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    I disagree

    If the harlot is Jerusalem then who is the "mother of harlots"?
    Revelation 17:5
    And upon her forehead was a name written, Mystery, Babylon The Great, The Mother Of Harlots And Abominations Of The Earth.
     
  16. Maria Billingsley

    Maria Billingsley Well-Known Member Supporter

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    Jerusalem. She was given direct access to GOD and she fornicated! She is the first and greatest apostate. OK to disagree.
    Blessings
     
  17. Original Happy Camper

    Original Happy Camper One of GODS Children I am a historicist Supporter

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    Are you saying that Jerusalem is the mother of harlots? Then what other cities are harlots?
     
  18. Maria Billingsley

    Maria Billingsley Well-Known Member Supporter

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    This is a symbolic and hyperbolic representation of Jerusalem , on earth, vs the New Jerusalem above who is known as the "mother of us all".

    "But Jerusalem which is above is free, which is the mother of us all."
    Galatians 4:26
     
  19. Deus Vult!

    Deus Vult! Member

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    I do not have the text in front of me, so forgive me if I paraphrase. But I do believe the text is rather clear that Babylon=Rome.
    That the pagan polytheistic culture of Rome would again subjugate the masses in the future is what I believe the text is prophetically stating.
    Rome is the city of 7 hills. You sited that this could be Jerusalem however you did not reference 7 hills in Jerusalem. The Antonia Fortress shares the Temple mount along with Solomon's Temple, correct me if I am wrong - but if I were to guess - the Fortress is only about 200 yards away from the Temple.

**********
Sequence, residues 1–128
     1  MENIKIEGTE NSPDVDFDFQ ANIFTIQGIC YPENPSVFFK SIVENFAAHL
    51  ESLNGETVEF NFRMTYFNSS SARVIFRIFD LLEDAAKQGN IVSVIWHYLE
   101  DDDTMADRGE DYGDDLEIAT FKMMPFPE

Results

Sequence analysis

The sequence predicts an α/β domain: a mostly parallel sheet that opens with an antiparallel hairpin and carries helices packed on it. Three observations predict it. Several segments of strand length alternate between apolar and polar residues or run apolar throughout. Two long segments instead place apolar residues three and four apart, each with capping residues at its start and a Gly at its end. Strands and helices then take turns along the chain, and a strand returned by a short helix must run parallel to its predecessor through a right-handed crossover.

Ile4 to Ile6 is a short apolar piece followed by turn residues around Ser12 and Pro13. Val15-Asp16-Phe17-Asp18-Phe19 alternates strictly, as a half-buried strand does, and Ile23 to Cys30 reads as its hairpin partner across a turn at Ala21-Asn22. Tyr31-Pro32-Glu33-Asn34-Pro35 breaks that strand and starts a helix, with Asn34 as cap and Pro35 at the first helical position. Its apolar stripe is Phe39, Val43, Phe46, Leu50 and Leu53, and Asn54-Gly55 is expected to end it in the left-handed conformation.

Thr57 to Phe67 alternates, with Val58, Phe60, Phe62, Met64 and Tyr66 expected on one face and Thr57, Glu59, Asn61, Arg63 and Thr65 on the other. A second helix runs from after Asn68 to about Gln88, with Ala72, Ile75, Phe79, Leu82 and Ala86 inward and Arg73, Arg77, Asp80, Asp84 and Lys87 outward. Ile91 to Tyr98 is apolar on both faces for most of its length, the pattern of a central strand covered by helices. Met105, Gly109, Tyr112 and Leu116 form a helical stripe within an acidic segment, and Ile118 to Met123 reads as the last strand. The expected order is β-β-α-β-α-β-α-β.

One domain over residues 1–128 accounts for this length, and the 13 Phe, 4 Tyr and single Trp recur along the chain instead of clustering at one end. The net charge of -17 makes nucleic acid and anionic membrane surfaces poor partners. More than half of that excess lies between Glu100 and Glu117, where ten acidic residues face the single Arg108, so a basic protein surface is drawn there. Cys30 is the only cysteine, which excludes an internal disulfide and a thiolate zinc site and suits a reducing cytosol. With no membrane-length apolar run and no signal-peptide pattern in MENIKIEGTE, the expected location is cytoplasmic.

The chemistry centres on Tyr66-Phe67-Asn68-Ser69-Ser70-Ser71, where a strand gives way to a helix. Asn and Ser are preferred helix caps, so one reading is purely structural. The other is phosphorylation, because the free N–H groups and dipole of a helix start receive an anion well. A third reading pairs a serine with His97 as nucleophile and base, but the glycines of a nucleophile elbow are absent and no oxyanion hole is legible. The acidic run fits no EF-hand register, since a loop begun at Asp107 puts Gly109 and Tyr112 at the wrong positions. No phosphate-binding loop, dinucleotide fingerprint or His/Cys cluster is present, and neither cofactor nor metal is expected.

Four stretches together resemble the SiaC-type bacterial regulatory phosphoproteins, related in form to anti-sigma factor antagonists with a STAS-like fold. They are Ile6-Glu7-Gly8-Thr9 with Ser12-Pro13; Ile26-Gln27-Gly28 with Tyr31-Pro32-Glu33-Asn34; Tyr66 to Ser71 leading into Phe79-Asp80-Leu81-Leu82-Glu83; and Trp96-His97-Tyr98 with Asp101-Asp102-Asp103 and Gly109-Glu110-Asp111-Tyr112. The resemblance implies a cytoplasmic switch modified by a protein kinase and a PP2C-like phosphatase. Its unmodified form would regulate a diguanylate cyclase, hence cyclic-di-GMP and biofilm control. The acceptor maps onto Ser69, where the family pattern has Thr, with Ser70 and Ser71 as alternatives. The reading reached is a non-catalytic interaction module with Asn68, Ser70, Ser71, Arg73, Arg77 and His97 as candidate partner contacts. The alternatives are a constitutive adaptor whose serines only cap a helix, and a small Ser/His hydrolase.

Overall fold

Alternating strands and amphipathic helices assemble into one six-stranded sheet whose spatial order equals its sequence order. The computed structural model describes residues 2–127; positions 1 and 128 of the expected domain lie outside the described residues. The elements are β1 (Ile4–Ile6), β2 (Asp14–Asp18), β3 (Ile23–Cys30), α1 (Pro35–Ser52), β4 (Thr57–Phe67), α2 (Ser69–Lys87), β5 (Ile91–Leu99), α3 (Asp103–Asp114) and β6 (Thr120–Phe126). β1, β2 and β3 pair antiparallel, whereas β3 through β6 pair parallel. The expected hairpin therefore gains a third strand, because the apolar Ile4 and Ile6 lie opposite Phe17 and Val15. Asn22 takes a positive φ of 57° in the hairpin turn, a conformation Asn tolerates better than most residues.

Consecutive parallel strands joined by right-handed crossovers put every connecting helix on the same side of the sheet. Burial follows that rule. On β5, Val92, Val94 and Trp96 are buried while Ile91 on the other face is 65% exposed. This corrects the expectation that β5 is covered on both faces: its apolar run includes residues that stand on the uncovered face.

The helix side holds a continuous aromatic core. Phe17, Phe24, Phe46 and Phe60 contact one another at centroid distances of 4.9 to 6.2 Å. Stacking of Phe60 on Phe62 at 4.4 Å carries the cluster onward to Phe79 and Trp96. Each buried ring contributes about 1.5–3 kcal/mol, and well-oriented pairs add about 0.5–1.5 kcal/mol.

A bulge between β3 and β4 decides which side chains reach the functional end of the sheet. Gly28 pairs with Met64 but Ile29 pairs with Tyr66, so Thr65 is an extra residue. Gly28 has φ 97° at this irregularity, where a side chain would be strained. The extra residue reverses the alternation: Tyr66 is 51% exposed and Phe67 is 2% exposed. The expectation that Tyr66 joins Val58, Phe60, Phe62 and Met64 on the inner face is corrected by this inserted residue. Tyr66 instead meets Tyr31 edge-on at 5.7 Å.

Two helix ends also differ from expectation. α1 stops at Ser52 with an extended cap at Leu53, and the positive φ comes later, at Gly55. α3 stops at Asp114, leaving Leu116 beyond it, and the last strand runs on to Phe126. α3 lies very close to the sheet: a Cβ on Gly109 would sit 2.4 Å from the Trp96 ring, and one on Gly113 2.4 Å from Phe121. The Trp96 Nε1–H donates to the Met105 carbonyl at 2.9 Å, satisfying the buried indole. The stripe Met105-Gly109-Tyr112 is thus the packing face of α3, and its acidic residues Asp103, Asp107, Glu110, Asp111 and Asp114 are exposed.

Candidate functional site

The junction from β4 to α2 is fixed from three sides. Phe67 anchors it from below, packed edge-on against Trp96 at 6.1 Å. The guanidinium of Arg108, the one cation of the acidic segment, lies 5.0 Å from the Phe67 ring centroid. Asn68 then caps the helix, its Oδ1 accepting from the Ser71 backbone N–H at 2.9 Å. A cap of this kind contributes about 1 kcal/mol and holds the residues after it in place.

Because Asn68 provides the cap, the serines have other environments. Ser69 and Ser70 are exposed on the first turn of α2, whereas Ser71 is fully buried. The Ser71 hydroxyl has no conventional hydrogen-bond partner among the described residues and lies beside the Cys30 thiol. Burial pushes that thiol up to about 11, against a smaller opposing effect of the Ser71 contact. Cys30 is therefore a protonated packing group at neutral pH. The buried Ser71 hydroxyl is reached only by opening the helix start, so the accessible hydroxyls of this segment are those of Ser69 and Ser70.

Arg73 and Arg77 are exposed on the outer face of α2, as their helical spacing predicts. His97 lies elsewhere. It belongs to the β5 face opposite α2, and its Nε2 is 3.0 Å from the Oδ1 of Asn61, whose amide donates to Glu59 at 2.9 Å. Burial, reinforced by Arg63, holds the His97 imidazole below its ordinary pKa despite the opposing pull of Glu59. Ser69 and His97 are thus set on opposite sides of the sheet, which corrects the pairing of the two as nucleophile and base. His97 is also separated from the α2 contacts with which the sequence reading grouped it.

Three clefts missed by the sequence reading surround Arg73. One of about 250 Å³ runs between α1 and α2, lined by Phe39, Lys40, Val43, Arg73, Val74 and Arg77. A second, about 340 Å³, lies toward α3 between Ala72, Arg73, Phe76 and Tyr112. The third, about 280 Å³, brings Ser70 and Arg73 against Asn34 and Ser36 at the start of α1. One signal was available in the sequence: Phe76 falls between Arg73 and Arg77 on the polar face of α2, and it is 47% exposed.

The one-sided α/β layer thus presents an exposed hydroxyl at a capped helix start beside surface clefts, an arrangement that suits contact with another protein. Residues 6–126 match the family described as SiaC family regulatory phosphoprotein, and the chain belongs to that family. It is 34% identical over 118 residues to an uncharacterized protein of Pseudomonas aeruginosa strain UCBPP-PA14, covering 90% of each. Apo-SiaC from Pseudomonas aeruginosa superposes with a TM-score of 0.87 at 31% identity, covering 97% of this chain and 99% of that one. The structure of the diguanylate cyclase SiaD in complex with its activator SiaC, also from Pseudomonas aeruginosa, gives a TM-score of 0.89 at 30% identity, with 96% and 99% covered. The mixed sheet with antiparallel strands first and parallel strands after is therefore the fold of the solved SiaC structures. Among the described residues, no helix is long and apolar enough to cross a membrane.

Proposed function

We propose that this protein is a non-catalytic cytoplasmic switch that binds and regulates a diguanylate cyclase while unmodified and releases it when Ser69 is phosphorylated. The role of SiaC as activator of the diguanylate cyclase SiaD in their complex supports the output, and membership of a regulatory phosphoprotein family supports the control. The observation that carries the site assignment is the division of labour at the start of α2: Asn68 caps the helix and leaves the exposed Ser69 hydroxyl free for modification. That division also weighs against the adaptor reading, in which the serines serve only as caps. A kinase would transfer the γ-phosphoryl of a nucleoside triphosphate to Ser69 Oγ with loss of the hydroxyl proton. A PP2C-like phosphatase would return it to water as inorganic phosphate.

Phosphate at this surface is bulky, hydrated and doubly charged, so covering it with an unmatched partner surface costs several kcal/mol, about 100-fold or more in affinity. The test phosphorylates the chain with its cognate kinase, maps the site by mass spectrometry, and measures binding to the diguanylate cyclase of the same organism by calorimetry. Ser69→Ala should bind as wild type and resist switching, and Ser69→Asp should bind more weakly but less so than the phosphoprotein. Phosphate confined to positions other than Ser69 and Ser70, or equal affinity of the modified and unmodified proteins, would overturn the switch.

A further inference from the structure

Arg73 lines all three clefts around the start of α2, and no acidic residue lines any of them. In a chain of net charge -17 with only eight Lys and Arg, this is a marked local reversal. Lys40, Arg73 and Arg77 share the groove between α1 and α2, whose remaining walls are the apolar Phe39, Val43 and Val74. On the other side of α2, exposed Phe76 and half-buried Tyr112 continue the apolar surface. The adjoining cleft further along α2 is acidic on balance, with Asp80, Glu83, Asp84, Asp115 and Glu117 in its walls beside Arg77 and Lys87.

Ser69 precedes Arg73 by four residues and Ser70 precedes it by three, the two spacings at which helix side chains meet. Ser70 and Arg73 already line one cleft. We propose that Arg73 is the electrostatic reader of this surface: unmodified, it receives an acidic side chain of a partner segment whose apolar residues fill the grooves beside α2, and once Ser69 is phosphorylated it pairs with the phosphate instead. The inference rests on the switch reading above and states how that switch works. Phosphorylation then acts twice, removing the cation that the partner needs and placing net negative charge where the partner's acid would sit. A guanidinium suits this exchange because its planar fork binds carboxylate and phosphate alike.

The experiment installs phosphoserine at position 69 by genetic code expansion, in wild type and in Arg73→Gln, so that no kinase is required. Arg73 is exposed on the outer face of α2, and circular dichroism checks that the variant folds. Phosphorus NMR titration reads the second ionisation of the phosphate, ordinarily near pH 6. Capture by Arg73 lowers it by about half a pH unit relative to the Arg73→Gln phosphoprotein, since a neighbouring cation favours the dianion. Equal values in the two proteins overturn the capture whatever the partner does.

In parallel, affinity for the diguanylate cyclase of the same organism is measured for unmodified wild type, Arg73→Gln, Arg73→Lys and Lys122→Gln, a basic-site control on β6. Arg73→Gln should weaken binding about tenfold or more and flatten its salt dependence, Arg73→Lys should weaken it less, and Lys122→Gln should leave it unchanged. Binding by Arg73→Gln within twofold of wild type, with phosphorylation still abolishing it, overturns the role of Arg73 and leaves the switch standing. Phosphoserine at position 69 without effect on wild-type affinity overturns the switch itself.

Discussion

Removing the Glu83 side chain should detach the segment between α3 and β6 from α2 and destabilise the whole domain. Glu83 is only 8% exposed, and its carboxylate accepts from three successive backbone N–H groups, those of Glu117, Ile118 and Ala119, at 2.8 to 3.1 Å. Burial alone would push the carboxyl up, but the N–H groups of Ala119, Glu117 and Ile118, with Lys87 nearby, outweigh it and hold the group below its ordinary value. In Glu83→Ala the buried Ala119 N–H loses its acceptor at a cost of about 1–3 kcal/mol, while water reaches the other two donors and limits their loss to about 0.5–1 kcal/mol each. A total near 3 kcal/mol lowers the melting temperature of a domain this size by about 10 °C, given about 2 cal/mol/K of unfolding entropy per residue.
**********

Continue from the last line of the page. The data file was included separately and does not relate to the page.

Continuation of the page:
The text obviously ought not to be interpreted as the actual physical city of Rome though.
    The Harlot then is:
    -Polytheism.
    -Idolatry.
    -Forced worship of created things rather than the Creator.
    -Forced worship and sacrifice to the emperor.
    -Forced apostasy of Christ.
    -Drug Abuse. Drug usage that is unlawful. Big Pharma.
    -Child Sacrifice. Abortion Industry.
    -Sexual Depravity. Sex trafficking, porn industry.

    I am Roman Catholic. A convert from Lutheranism. I do agree that in a sense you are correct it is not Rome the city itself, but it is Rome in the sense of cultural Rome.
    Furthermore, St. Peter signs off his first epistle I believe as writing from "Babylon", most Theologians and Scholars agree that this is a reference to Rome. Not Jerusalem. That said, you make great arguments about the decor of the Harlot and how it perhaps matches up with features present in Jerusalem; more accurate though is to simply understand that the Holy Spirit was impressing upon St. John the depravity of the Pharisees in that they were largely responsible for crucifying the Lord. It is the Holy Spirit adamantly expressing its displeasure with the leaders and cultures of these two cities Jerusalem and Rome. Because it is essentially these two cultures that conspired against Christ. The High Priest Caiaphas and Pilate.
     
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  20. Briefcase

    Briefcase New Member

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    The time statements of Revelation of "things which must take place soon" and "for the time is near" does not fit a future Rome, but fits 1st century Jerusalem.